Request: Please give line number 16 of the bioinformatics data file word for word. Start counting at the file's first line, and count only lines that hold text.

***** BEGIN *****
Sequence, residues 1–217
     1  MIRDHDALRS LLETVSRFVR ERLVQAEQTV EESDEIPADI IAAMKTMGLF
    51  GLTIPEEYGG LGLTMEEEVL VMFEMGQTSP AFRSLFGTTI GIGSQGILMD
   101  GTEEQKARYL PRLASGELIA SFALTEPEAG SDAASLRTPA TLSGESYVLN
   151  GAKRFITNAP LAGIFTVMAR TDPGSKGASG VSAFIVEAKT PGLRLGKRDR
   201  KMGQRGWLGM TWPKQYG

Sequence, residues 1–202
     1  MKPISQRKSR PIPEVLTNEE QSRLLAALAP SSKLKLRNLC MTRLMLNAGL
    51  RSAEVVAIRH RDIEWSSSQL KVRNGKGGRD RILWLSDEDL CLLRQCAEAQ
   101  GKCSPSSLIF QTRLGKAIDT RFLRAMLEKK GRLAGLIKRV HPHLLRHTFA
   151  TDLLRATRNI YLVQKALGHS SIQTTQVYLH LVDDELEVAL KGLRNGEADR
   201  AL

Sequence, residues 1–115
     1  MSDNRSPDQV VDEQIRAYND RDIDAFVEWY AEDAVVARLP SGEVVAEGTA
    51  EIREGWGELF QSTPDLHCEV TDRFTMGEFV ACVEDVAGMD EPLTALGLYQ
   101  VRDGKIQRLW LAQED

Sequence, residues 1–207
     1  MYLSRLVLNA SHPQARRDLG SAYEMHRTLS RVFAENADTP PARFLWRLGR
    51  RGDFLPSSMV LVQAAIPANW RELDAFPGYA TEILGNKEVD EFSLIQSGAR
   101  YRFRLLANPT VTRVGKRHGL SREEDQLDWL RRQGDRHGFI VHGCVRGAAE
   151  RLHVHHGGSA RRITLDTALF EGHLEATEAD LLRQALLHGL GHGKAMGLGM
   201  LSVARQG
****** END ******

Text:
   101  VRDGKIQRLW LAQED